Publications / Employment
By Michael Moy, Partner
In a decision that will please employers around the country, the High Court today allowed an appeal by Bendigo Regional Institute of Technical and Further Education (BRIT) from a Full Federal Court decision relating to general protections (commonly referred to as adverse action) claims. McCullough Robertson Workplace Relations partner, Michael Moy, highlights the decision and its ramifications.
Case background – Full Federal Court decision
The Full Court of the Federal Court originally found BRIT had contravened the ‘industrial activities’ protection in the general protections provisions of the Fair Work Act 2009 (Cth) when it took action against its employee, Mr Barclay (including suspending him from employment and denying him internet access at the workplace) after he emailed union members in his capacity as a union delegate.
Mr Barclay was an officer of the Australian Education Union (AEU). He sent an email to all members of the AEU employed at BRIT which alleged serious misconduct by unnamed persons at BRIT, who, Barclay alleged, had been involved in the production of false or fraudulent documents in connection with an upcoming audit. BRIT argued the disciplinary action it took against Mr Barclay was because he had breached its code of conduct by sending the email, not due to his industrial activities.
Mr Barclay alleged BRIT’s conduct constituted adverse action because he:
- was an officer of the AEU
- engaged in an industrial activity by representing or advancing views, claims or interests of the AEU
- engaged in industrial activity by encouraging or participating in lawful activity organised or promoted by the AEU
- exercised a workplace right as a representative of the AEU in resolution of a dispute or grievance under the BRIT collective agreement, and
- exercised a workplace right by participating in a dispute resolution process under the BRIT collective agreement.
The majority of the Full Court of the Federal Court stated that while the state of mind or subjective intention of the employer is centrally relevant, it does not determine whether the employer acted for a prohibitive reason. It found that what was determinative was the ‘real reason’ behind the employer’s conduct, not what the employer thinks was the reason. The ‘real reason’ (according to the majority of the Full Court) ‘may be conscious or unconscious, and where unconscious or not appreciated or understood, adverse action will not be excused simply because its perpetrator held a benevolent intent.’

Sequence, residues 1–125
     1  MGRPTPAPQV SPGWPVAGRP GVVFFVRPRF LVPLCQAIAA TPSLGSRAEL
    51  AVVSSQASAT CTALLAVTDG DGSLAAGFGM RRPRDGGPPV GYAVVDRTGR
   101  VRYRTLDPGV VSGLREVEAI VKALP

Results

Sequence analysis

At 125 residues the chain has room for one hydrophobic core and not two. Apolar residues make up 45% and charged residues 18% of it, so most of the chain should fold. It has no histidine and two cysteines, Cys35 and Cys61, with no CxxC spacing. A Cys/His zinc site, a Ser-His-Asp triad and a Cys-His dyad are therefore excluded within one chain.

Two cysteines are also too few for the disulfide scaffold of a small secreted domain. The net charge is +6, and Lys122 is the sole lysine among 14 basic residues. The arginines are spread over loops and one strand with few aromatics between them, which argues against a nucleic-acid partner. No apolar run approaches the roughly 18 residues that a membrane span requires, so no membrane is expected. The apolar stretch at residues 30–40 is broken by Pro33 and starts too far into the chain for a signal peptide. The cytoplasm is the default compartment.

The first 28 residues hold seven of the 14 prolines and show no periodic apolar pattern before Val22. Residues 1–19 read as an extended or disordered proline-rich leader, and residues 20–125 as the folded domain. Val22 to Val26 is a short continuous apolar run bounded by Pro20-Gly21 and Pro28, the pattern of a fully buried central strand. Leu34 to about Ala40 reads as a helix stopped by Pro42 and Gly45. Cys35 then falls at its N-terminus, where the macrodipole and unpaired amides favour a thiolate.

In doing so, it found that, because the sending of the email by Mr Barclay amounted to engagement in industrial activity, and because BRIT’s reasons for taking adverse action against Mr Barclay were ‘founded upon’ the sending of the email, the reasons why BRIT had taken adverse action against Mr Barclay ‘included the fact that he was an officer of the AEU and the fact that he had engaged in industrial activity.’
Employers had rightly been concerned since that decision that it effectively meant that an employer could never take any disciplinary action against a union delegate or officer in relation to their conduct if it related to their duties as delegates or officers of the union.
Today’s High Court decision
The High Court unanimously dismissed the Full Federal Court’s approach, accepting the unchallenged evidence of Dr Harvey, BRIT’s Chief Executive Officer that she had not taken adverse action against Mr Barclay because of his industrial activities or affiliation, but because of the inappropriate way he had raised the allegations of serious misconduct.
Importantly, the High Court decided if there is evidence from an employer that a decision has been made or taken for an innocent or ‘non-prohibited’ reason, and that evidence is accepted as reliable and not challenged, it must stand that that the employer has not acted for a proscribed reason in taking adverse action against an employee.
This means that where an employer’s evidence is accepted as reliable and not challenged, the Court does not need to look behind that evidence to find the ‘unconscious’ reason for the action.
While the High Court dismissed the use of a purely ‘objective test’ to determine the employer’s reasons for their actions, employers should not rely on a purely subjective test where the employer’s stated reason is determinative. The employer’s subjective intention will be determinative if it is accepted by the Court as reliable and either not challenged, or withstands challenge from contradictory evidence.
Justice Heydon found the distinction made by the Full Court of the Federal Court between conscious and unconscious reasons was ‘indefensible’. Employers will be delighted by the following comments from Justice Heydon:
‘Nothing in the Act expressly suggests that the courts are to search for “unconscious” elements in the impugned reasoning of persons in Dr Harvey’s position. No requirement for such search can be implied. This is so if only because it would create an impossible burden on employers accused of contravening s 346 of the Act to search the minds of the employees whose conduct is said to have caused the contravention. How could an employer ever prove that there was no unconscious reason of a prohibited kind?’
McCullough Robertson’s Workplace Relations and Safety team regularly advises clients in relation to general protections claims. Contact a member of the team if you require any advice or representation in relation to such claims.
Focus covers legal and technical issues in a general way. It is not designed to express opinions on specific cases. Focus is intended for information purposes only and should not be regarded as legal advice. Further advice should be obtained before taking action on any issue dealt with in this publication.